Will Fed Easing Turn Out Like ’95 Or ‘07?

By Michael Pento – Re-Blogged From PentoPort

You should completely understand that the market is dangerously overvalued and that global economic growth has slowed to a crawl along with S&P 500 earnings. However, you must also be wondering when the massive overhang of unprecedented debt levels, artificial market manipulations, and the anemic economy will finally shock Wall Street to a brutal reality.

Artificially-low bond yields are prolonging the life of this terminally-ill market. In fact, record-low borrowing costs have been the lynchpin for perpetuating the illusion. Therefore, what will finally pull the plug on this market’s life support system is spiking corporate bond yields, which will manifest from the bursting of the $5.4 trillion BBB, Junk bond and leveraged loan markets. And, for that to occur, you will first need an outright US recession and/or a bonafide inflation scare.

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Fed’s Recessionary Indicators

By Arkadiusz Sieroń – Re-Blogged From Gold Eagle

How likely is a recession in the United States? Predicting a recession is difficult, but one can make some nice money with a good forecast. So let’s focus on the most important recessionary models developed by the Fed.

The first model is the smoothed recession probabilities for the United States developed by Marcelle Chauvet and Jeremy Piger based on the research published in the International Economic Review and Journal of Business and Economic Statistics. The odds are obtained from a dynamic-factor markov-switching model applied to four monthly coincident variables: non-farm payment enrollment, the index of industrial production, real personal income excluding transfer payments, and real manufacturing and trade sales.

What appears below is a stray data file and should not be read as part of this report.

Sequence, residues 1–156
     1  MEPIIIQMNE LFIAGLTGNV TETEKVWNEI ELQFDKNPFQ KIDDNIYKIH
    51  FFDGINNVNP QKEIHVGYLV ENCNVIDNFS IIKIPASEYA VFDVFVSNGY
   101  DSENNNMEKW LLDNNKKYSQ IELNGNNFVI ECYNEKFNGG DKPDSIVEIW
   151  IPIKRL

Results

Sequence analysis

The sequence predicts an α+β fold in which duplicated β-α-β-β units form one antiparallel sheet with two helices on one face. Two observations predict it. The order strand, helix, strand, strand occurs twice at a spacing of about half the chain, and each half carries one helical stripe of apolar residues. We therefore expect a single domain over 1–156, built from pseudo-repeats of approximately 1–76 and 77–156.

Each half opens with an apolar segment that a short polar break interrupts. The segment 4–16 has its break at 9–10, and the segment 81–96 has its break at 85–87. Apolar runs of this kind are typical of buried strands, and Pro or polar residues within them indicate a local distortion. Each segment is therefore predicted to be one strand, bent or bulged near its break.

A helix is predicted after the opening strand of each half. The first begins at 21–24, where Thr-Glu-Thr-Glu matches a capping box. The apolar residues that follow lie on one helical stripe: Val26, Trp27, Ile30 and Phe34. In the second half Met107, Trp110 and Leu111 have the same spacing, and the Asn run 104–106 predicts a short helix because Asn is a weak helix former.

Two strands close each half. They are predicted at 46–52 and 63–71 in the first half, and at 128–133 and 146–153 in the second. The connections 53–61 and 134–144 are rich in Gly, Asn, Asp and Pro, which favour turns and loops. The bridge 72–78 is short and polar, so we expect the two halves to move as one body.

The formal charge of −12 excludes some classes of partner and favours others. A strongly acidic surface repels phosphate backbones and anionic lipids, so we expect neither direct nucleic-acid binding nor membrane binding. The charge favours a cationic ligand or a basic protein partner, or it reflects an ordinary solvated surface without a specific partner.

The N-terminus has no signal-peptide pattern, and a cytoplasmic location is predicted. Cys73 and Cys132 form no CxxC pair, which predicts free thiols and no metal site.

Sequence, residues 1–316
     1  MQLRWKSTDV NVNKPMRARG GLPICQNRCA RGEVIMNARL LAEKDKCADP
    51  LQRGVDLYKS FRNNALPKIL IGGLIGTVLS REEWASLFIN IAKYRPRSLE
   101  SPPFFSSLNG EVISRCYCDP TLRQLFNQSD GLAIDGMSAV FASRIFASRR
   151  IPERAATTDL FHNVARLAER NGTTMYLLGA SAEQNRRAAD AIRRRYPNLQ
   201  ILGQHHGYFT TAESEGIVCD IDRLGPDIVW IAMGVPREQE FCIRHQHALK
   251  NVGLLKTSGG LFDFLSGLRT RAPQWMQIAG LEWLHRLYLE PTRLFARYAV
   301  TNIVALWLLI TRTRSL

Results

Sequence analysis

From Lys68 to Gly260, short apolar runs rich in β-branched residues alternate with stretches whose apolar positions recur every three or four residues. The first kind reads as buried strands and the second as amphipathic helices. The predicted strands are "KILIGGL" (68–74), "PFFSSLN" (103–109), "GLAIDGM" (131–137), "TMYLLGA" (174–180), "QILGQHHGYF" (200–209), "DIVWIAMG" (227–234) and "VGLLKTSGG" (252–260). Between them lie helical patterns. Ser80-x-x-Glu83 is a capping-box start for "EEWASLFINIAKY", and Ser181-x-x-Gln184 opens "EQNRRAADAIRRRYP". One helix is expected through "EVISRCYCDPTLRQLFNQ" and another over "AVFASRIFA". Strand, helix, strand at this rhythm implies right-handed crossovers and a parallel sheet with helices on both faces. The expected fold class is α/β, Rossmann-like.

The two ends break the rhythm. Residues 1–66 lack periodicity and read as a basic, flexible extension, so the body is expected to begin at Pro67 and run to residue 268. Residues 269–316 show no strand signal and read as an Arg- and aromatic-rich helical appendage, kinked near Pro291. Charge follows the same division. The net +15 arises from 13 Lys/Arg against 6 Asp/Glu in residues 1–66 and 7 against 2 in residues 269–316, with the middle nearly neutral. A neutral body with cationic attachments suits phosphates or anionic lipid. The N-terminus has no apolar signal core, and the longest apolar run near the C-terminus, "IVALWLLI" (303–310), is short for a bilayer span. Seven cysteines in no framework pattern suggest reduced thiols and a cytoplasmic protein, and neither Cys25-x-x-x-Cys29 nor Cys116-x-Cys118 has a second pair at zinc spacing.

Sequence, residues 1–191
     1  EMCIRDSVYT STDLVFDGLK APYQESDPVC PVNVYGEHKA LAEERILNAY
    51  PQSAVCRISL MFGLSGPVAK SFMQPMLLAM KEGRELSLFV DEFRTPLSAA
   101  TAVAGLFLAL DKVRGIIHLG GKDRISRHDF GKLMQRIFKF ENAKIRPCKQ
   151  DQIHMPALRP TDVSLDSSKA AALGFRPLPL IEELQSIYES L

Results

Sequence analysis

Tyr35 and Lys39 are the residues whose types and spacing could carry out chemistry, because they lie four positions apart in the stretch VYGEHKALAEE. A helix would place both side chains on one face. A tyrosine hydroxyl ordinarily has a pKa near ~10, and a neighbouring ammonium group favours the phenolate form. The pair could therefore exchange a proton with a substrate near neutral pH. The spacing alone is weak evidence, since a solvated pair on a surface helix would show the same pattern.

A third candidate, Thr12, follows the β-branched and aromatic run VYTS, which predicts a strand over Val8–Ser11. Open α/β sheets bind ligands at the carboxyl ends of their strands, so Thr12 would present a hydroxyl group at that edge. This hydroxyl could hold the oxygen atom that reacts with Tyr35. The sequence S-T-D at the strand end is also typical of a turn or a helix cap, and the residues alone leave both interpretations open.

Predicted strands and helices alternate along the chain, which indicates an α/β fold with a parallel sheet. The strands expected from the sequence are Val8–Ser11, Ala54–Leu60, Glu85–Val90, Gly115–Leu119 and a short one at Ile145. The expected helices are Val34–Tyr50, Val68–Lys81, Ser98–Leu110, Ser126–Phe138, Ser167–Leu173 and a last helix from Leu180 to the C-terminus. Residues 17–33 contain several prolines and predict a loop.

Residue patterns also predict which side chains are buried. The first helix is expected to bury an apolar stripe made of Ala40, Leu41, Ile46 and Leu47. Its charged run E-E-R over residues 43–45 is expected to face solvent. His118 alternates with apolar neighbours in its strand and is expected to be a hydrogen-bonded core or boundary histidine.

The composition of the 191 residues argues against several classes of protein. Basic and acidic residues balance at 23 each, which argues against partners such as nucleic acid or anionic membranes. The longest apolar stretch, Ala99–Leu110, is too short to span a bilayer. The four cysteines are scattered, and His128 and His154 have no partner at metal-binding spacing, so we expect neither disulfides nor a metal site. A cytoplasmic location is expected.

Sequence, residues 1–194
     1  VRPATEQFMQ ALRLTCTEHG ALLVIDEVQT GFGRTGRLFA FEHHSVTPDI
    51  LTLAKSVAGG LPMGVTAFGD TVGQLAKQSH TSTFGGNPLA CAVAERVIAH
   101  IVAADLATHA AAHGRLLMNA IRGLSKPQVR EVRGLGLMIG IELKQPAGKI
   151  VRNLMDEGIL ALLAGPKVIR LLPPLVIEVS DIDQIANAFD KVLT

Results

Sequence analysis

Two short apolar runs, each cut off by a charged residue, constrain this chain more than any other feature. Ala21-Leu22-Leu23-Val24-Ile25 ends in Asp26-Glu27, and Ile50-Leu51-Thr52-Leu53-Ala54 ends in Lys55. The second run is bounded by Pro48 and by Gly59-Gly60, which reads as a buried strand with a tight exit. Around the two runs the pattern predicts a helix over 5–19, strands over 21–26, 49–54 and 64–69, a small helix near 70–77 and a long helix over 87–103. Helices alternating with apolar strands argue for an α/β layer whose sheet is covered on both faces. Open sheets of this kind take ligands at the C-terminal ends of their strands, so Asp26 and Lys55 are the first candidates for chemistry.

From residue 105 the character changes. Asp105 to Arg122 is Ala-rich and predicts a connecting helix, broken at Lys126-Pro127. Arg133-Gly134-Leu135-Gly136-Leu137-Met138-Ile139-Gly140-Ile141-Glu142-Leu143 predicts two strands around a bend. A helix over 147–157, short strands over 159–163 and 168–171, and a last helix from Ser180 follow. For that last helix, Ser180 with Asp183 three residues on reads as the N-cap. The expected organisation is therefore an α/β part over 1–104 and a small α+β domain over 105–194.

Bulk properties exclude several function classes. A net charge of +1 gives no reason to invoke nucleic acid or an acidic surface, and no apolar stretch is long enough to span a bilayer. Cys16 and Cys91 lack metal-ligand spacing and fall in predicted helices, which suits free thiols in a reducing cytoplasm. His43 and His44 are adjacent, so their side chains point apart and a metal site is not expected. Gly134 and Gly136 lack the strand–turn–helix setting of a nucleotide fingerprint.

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Frothy Bubbles Make Me Whine

By David Haggith – Re-Blogged From Great Recession Blog 

These are not the tiny champagne bubbles Don Ho used to sing about, but those greenish-gray floats of foam that pile up against harbor docks where the churn of the waves meets the oil spittle of boat motors. They are the economic froth that has piled up around us and is now beginning to fizzle.

They are the bubbles of overbuilt retail space, heaps of junk bonds and layers of leveraged loans, rafts of student loans, bloated government spending. They’re the slop that formed from massive monetary expansion frothed up out of less than nothing — out of debt.

You’ve heard about all of them many times, but my concern in this article is that we are starting to hear tiny popping sounds, which leads me to the following scenario as a plausible path into recession this summer: (Not the only possible route, but one littered with likelihoods.)

What A US Rate Cut Could Mean For Gold Prices

By Frank Holmes – Re-Blogged From Gold Eagle

Stocks surged last Friday following a U.S. jobs report that, to put it mildly, fell far below expectations.  At first this might seem counterintuitive. Shouldn’t signs of a slowing economy act as a wet blanket on Wall Street?

Not necessarily. Investors, it’s believed, are responding to the expectation that the Federal Reserve will have no other choice than to lower interest rates this year in an attempt to keep the economic expansion going. Earlier this month, Fed Chair Jerome Powell himself commented that he was prepared to act “as appropriate” should the global trade war risk further harm. President Donald Trump has also renewed his attacks on Fed policy, calling last December’s rate hike a “big mistake.”